All About Hope: The Art of Giving in Folsom and El Dorado Hills
Hospital pediatric wards aren’t typically the cheeriest places for kids or their families. Thankfully, All About Hope is trying to change that. In three local hospitals, the nonprofit provides each child age four and older—admitted for at least 48 hours—with a pink and blue “Hope Box” containing an explosion of art supplies, says founder Cindy Costa, because it brightens the kids’ lives and encourages what she calls “courageous creativity.”
The idea to make the boxes evolved over 12 years when Costa’s daughter was in the hospital battling complications from appendicitis. As Costa kept vigil at her six-year-old’s bedside, she witnessed the heartache of other parents tending to their children. If her daughter survived, she vowed to help these families. Brittany did survive, and Costa kept her promise, first bringing home-cooked meals and blankets to the families every other week. Two years ago, when food was no longer allowed, she developed the Hope Boxes. Her inspiration was an autistic boy at the Ronald McDonald House who came out of his shell for the first time when Costa helped teach him to paint. “I thought, ‘How can I make that happen every day?’ And I came up with the idea for the Hope Box.”
She launched All About Hope last June, with the goal of distributing 600 boxes by Christmas. Instead, she handed out 1,700 to Sutter Children’s Center, UC Davis Children’s Hospital’s pediatric unit, and the Ronald McDonald House. With the help of hospital staff, each child is welcomed with a box on his or her bed. Inside is a collection of art supplies: crayons, paints, construction paper, pipe cleaners, drawing paper, a blank book the child can decorate or use as a journal, scissors, glue, a ruler, brown paper bags to make puppets, and more. The box itself can be colored and decorated and kept as a keepsake container. Since December, boxes have also included superhero capes. “These kids are superheroes who fight courageous battles every day,” Costa says. And so are their families: The organization is now planning a similar box for them, with small necessities such as coffee mugs, snacks, toothbrushes, [lip balm], and puzzles. “They’re going through a lot, too,” Costa affirms.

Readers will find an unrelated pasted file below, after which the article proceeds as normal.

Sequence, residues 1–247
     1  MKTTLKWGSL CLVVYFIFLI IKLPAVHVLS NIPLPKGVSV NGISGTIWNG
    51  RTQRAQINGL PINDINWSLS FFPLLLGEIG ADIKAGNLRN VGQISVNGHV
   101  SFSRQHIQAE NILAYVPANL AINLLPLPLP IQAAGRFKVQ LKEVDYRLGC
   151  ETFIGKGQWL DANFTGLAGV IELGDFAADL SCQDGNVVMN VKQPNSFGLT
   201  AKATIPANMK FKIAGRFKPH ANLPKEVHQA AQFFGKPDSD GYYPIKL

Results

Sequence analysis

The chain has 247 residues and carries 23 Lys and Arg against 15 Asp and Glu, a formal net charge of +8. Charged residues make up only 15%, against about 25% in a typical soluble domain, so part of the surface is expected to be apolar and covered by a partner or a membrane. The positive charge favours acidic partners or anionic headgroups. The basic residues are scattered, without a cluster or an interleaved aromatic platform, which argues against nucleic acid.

In the near future, Costa hopes to add two more local hospitals for a total of 400 boxes each month—a number that doesn’t cover every child. Long-term, she envisions a resource center with art and music therapy and space for volunteers to sew such items as scent dolls, which are bathed in the mother’s body scent and placed with infants in critical care.
The only limit to Costa’s dream is funding. Volunteers do the work, but the boxes cost $25 each, and the organization needs help with buying art supplies. “The boxes bring hope and healing to these kids and their families,” Costa says. “It’s so rewarding to see a child smile.” allabouthope.net